Service No: IC-5623
Date of Birth : Oct 08, 1931
Place of Birth : Rampur Dist(UP)
Last Rank : Major
Last Unit : 8 Garh Rif
Regiment : The Garhwal Rifles
Operation: Op Riddle
Award: Vir Chakra
Date of Martyrdom : Sep 17, 1965
Major Abdul Rafey Khan hailed from Rampur district in Uttar Pradesh and was born on 08 Oct 1931. Son of Shri Abdul Karim Khan, Maj Abdul Rafey Khan studied from Sherwood college Nainital in the present day Uttarakhand. He joined the Army and was commissioned as a second Lieutenant on 30th December 1951 at the age of 20 years. He was commissioned into 8 Garh Rif battalion of the Garhwal Rifles Regiment, an infantry Regiment known for its intrepid soldiers and a glorious history of numerous battle exploits.
By the year 1965, he had put in over 13 years of service and had been promoted to the rank of a Major. By then he had served in various operational areas and developed into a battle hardened soldier and a fine officer who believed in leading from the front. As the war clouds were gathering in 1965, Maj Abdul Rafey Khan’s unit got deployed in the western sector to check any misadventure by Pakistani forces.
Indo-Pak War(Battle of Butur Dograndi) : 10-17 Sep 1965
During the 1965 war with Pakistan, Maj Abdul Rafey Khan’s unit 8 Garhwal Rifles was part of 43 Lorried Brigade of 1 Armoured Division. Maj Abdul Rafey Khan was functioning as Second-in-Command of the battalion with Lt Col JE Jhirad as the ‘Commanding Officer’. On 08 Sept, the brigade crossed the border and advanced along the Majuna Channi, Gangial, Kaloi and Phagowal axis in the Sialkot sector. On 16 Sept , Maj Khan’s battalion along with two squadrons of 17 Horse was poised to attack Chawinda. However, at the last minute, the plan of a direct assault on Chawinda was shelved because recce reports indicated that the terrain as well as the layout of the town afforded a natural anti-tank defence. It was then decided to first capture Butur Dograndi to disrupt the enemy line of communication ie., the Chawinda to Pasrur road, to facilitate the capture of Chawinda. 8 Garhwal Rifles along with a squadron of 17 Horse, was given the task and the attack was to be carried out in broad daylight.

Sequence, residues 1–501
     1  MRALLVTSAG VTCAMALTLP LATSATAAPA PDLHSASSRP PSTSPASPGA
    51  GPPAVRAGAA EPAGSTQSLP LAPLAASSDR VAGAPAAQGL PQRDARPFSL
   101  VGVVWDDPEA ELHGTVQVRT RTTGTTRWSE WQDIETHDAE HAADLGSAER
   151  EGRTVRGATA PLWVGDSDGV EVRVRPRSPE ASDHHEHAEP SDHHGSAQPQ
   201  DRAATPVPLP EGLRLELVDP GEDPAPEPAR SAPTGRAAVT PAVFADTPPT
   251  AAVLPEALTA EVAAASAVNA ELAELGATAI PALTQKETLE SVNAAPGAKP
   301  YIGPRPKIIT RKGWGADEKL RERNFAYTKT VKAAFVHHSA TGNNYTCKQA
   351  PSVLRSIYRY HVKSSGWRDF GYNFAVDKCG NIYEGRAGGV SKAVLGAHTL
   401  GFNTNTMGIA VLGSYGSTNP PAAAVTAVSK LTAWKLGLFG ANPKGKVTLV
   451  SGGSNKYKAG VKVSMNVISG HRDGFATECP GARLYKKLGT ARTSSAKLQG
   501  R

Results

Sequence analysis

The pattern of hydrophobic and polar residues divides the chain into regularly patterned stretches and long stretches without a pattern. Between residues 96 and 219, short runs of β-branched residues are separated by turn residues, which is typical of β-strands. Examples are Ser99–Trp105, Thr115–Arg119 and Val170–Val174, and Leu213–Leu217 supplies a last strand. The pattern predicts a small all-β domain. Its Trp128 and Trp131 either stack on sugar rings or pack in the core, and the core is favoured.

It was a daring attack, launched by day at 1230 hours. However during the attack Lt Col JE Jhirad, the Commanding Officer, got seriously wounded by heavy enemy shelling. Regardless of fatal injuries, he grabbed the blooded Royal Rassi (lanyard) in his hand and whispered the last words, “Nothing can be nobler and finer than to die for this”. The loss of the CO at such a critical juncture was shocking for the unit but undeterred pressed on the attack under the dynamic and inspiring leadership of Maj Abdul Rafey Khan, the Second-in-Command. By 2 pm, the battalion reached the forming up place but due to intense enemy shelling, it was dispersed widely in small groups. Suddenly, there was a lull in the shelling. Maj Khan sensed it was a heaven sent opportunity to seize the objective. But the battalion was widely dispersed and all signal communication had broken down. He could not communicate with his company commanders, and hence he himself mustered the nearest platoon and charged at the objective. Seeing this, the other sub-units also followed suit and a fierce hand-to-hand combat ensued. The leading companies managed to get a foothold on the objective and held onto it for over two hours. The enemy launched a fierce counterattack and managed to evict our troops.